Last week at the Leaderex conference a question was posed to the audience about that hurdles they experience as women. One of the ladies said for her it’s people’s expectations, especially expectations set on her as a woman. I could relate to what she was saying and so could men, since societal expectations are not limited to just women.
From a young age the expectations my parents, family and society had for my brother and I were worlds apart. As a female, it was always assumed that I wanted or needed to learn how to cook and clean, especially when elders felt my playtime was over. Meantime my brother was free to explore until he was tired. Or that I had to bath by a certain time because girls need to be clean before 12. And that submission is the highest form of being a lady. All these senseless and often not questioned practices that are passed down without considering the needs of the child.
Look I’m no parent nor will I speak on any assumptions of what parenthood is like. However, from the constant reinforced thinking of my parents, family and society I grew to learn that it’s ok to doubt myself. Not question and find answers to my curiosities instead doubt and belittle myself. I also learnt that it’s ok to listen and trust certain elders without question because that’s what a good child does when told who to trust. Till I finally learnt that it’s a bullshit system that never teaches anything, instead, it dictates from outdated thinking. It lacks the essences of teaching thinking, self-reliance and love. More than ever it creates that rebellious nature in you to fight for attention to be seen for who you are.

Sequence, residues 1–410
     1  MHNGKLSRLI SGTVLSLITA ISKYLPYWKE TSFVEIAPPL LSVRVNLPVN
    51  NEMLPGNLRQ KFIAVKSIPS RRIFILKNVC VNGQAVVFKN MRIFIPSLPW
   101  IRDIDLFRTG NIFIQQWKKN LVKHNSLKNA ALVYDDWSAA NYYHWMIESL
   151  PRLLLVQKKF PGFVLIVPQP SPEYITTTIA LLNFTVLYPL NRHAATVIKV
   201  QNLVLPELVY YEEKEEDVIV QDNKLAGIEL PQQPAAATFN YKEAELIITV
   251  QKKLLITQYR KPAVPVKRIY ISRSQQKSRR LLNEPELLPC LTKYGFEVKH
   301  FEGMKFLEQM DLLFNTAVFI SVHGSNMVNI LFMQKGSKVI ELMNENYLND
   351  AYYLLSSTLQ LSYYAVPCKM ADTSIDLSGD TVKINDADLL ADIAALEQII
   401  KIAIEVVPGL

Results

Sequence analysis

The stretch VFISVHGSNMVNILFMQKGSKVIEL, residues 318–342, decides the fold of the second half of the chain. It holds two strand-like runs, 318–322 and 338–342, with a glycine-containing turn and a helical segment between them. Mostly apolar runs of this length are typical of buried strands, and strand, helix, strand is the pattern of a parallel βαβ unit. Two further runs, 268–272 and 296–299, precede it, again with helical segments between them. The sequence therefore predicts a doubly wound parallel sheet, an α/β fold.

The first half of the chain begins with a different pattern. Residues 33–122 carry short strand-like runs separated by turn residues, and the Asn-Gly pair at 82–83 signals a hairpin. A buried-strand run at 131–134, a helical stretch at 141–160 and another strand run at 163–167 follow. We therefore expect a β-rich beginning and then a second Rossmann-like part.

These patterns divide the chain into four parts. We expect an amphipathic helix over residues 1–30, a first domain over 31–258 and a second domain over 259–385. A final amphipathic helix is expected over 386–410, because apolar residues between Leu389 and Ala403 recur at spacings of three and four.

For the longest time, I built my existence around various people’s expectations so I could fit in. I wasn’t always brave enough to be my true self since it felt like I’d be seen to be different and not fitting in. It was my technique of managing expectations. The thing about trying to be everything to everyone is no one eventually trusts you. It’s hard to trust or know who someone is when they don’t even know their own boundaries.
Thankfully, I discovered the beauty and power of “no”. “No” is the single greatest word in anyone’s vocabulary because it lets people and the world know your boundaries. It’s the backbone of who you are. I love “no” because it freed me to finding inner-peace, inner-love and inner-happiness. I was no longer competing to be noticed for fitting in; I am simply doing me.
Find and use your “no”; more than that live your “no” so that you are in constant harmony with yourself.
Love and Happiness,